“Foxhunting Evidence UK” ….. Have you ever thought, whilst scrolling or browsing through our website and facebook page & group, what goes on behind the scenes?
The group admin part only amounts to a small percentage of the work that goes on in a campaign group. Unbeknown to many, most of the work goes on behind the scenes.
It is rather like that analogy of seeing the swan gliding effortlessly and elegantly through the water, but you can’t see the effort its little feet are making below the surface.
Well, the Admin Team is a bit like that. Members are verified, approved, monitored and posts read.
But what else, you might ask. Here is a little light reading on the ‘under the water’ part, that few people realise. There are many parts to a campaign group and all the work they do.
Firstly, I will tell you how I arrived here. I had been a member of facebook for several years. My account stayed dormant as I never had the inclination or time to bother with it. However, just before last Christmas, I badly injured my knee (my own stupid fault). That meant completely resting it. I thought I would drag my facebook account out of hibernation.
I became interested in wildlife and nature groups. I have always loved nature, trees and wild plants. That is how I found FHEUK. The group came up in a suggestion.
It might surprise people I wasn’t always anti fox hunting, although I have never hunted. I had moved to London at a young age and foxhunting never entered my head. It was only years later, I moved to the countryside in Sussex and was introduced to hunting fraternity.
I was horrified at the tales these hunting people told me of lambs being eaten alive. I was told the kindest quickest way to stop this was allowing the lead hound to “give a quick bite to the back of the neck” they claimed the fox “wouldn’t know a thing about it”. I naively believed them. After all, who was some upstart from London to argue with the born and bred custodians of the countryside.
One day I met a lady who changed my perception. A wonderful lady who rescued animals, and owls who had been hit by cars and other needy animals. She even had a sign warning drivers ‘Beware low flying owls’ as they were hit by cars as they swooped to catch prey. She also kept sheep, chickens and was a fox lover.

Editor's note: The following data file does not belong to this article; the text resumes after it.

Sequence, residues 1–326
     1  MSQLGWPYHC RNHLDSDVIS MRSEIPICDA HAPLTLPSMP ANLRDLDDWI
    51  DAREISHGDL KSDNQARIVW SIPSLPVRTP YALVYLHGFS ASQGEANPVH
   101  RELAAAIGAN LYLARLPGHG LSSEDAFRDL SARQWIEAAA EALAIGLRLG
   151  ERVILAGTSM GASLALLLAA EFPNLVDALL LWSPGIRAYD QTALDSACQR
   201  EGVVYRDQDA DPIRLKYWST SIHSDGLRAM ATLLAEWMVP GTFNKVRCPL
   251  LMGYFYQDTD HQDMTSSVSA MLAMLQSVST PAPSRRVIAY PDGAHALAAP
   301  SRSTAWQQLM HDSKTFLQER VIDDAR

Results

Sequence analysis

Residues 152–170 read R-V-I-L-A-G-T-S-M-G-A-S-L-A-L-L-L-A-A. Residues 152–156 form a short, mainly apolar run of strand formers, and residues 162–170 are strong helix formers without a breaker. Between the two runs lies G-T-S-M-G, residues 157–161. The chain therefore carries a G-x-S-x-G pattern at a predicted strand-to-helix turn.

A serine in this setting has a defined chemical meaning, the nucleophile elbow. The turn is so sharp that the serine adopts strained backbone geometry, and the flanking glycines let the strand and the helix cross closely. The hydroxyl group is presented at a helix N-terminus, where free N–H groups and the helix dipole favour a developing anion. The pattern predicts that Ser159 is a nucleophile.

I began to question the whole ethos of hunting. It didn’t hold up to scrutiny. The numbers didn’t add up. The hunters claims seemed fake.
I recall the defining moment of becoming anti when I witnessed something I wish I could forget. The haunting, desperate and pleading expression of a hunted fox. This was as it took refuge in my garden under an outbuilding. The entourage arrived, the eager beavers with greedy eyes, hungry for a kill. I sent them packing. That was my fox who lived in my orchard, happily gorging on the fallen apples, pears and blackberries. Sunning itself with the horses in the field. How dare these people! I felt so angry.
I didn’t get involved with anti hunting until earlier this year when I became a member of “Foxhunting Evidence UK”, just after Christmas. I, like a lot of others, thought fox hunting was no longer legal. What kind of evidence could the anti’s possibly have?
I was shocked at what I saw and read. I didn’t want to look at the videos or look at the pictures. To be honest, they traumatised me and gave me sleepless nights. I couldn’t imagine why hunters behaved like that and were so cruel. Soon, I wanted to do more to help. My personal revulsion became secondary to wanting to help to stop this.
I remember saying something like ‘I wish I could do something to help’. I envisaged driving along following the hunt as a monitor. However, with an injured knee and unable to drive, that was a non starter.